• Face orientation
    • Faces looking away from the camera may not be detected and can also result in lower quality face templates (less face information visible to camera). It is therefore recommended that face be oriented towards the camera within 30 degrees for pitch (head tilted up or down) and 40 degrees for yaw (head rotation left or right). There are no restrictions on head roll.

    • Use Trueface::SDK::estimateHeadOrientation() to obtain the face orientation (method returns orientation in radians, must then be converted to degrees).

  • Image lighting
    • Ensure images are captured in appropriate lighting conditions. Is the image too dark or too bright? Is there non-uniform lighting? Is the face backlit? When possible, place the camera away from areas with extreme lighting.

    • Use Trueface::SDK::checkFaceImageExposure() to determine if an image is over or under exposed.

  • Backgrounds
    • Strive for neutral, non-reflective backgrounds. Avoid backgrounds containing other faces.

    • When processing ID images (ex. passports), there may be some scenarios where a watermark of the face is larger than the primary subject face. In such cases, instead of calling Trueface::SDK::detectLargestFace(), instead call Trueface::SDK::detectFaces() and select the detected face at index 0. This will represent face with the highest detection score.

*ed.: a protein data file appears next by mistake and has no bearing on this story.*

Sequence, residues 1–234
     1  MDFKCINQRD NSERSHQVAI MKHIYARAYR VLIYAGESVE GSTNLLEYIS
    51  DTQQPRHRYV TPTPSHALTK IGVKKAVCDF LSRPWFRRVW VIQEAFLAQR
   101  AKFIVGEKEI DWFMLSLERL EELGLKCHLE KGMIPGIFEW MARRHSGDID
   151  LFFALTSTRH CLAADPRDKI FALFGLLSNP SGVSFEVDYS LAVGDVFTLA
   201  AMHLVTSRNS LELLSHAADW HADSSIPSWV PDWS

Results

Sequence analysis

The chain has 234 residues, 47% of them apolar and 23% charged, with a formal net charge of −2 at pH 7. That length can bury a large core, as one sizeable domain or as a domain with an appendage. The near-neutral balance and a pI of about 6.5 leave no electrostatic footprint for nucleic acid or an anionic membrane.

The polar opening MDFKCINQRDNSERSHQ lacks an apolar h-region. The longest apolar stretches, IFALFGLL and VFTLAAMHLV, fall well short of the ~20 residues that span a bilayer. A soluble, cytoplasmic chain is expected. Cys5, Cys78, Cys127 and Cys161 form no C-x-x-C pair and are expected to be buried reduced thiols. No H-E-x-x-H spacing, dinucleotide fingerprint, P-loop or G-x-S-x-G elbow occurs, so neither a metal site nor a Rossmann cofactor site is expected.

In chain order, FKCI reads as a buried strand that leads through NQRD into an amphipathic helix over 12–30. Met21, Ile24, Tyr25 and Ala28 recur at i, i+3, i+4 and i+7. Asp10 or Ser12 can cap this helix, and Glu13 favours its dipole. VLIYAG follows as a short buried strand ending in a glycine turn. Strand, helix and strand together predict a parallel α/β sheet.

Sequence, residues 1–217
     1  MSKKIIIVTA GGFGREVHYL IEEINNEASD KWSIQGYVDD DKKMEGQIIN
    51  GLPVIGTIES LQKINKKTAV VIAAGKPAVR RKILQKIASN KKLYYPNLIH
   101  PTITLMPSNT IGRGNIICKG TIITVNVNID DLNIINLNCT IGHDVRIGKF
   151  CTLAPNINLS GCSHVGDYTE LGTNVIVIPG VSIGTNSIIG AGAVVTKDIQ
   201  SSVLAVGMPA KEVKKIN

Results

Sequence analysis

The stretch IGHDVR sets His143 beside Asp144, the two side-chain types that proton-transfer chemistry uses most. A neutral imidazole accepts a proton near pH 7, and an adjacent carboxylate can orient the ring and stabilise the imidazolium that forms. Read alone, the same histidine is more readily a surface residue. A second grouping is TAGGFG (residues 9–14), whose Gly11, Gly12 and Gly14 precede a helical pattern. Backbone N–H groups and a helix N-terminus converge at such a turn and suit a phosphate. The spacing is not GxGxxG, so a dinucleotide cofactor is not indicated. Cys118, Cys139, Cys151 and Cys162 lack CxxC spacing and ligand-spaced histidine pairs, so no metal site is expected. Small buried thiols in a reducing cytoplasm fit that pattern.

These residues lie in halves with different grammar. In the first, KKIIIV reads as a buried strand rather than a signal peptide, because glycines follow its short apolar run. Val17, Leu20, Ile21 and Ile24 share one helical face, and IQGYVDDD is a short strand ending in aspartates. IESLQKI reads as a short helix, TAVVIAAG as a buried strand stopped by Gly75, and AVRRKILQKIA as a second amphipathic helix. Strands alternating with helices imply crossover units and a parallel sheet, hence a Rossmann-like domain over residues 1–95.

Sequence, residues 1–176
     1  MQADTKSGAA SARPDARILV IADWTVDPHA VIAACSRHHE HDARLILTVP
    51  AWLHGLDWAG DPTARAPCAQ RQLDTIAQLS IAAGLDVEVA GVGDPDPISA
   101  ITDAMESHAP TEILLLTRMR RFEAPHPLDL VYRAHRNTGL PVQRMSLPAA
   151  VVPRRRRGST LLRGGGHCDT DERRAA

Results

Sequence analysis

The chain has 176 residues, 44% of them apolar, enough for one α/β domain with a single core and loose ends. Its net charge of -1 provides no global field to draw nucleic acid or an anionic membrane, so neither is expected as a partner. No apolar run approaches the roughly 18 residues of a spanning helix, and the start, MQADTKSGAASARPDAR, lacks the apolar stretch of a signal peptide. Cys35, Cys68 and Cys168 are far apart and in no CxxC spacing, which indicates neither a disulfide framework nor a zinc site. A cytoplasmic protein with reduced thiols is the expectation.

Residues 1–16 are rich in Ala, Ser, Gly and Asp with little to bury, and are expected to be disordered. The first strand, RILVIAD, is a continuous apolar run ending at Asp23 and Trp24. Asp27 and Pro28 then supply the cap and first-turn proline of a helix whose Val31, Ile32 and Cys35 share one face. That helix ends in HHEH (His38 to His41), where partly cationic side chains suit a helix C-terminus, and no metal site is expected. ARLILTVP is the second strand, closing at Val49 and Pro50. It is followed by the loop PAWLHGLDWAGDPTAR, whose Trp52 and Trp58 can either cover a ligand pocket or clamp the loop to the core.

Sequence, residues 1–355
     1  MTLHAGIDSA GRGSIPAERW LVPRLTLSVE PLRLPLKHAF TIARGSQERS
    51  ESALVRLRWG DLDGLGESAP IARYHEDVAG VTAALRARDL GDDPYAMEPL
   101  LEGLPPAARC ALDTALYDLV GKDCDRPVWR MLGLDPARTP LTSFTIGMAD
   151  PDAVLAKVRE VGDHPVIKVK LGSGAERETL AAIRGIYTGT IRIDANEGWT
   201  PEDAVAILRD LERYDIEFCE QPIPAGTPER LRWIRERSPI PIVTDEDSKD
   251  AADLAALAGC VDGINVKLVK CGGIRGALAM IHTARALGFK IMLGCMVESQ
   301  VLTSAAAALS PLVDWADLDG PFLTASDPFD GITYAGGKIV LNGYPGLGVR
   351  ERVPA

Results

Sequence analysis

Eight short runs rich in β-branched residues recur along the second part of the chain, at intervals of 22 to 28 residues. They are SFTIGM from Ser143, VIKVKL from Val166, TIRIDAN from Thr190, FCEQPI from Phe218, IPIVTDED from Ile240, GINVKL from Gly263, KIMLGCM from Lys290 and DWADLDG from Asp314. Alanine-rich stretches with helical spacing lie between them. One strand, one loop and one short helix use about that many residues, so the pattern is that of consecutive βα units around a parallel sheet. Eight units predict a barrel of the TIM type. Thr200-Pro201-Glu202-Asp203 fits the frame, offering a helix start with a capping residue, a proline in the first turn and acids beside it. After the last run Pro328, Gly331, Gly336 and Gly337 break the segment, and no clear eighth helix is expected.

• Facial occlusions
    • Face recognition works best when a person’s entire face is visible. While face recognition may still work even with occlusions (ex. face mask), for optimal performance, ensure as much of the face as possible is visible to the camera.

    • Use Trueface::SDK::detectMask() to check if the person is wearing a face mask. If a mask is detected, the image can be rejected, or the user can be prompted to remove their mask.

    • Use Trueface::SDK::detectGlasses() to check if the person is wearing a eye glasses. If eyeglasses are detected, the image can be rejected, or the user can be prompted to remove their eyeglasses.

  • Motion and blur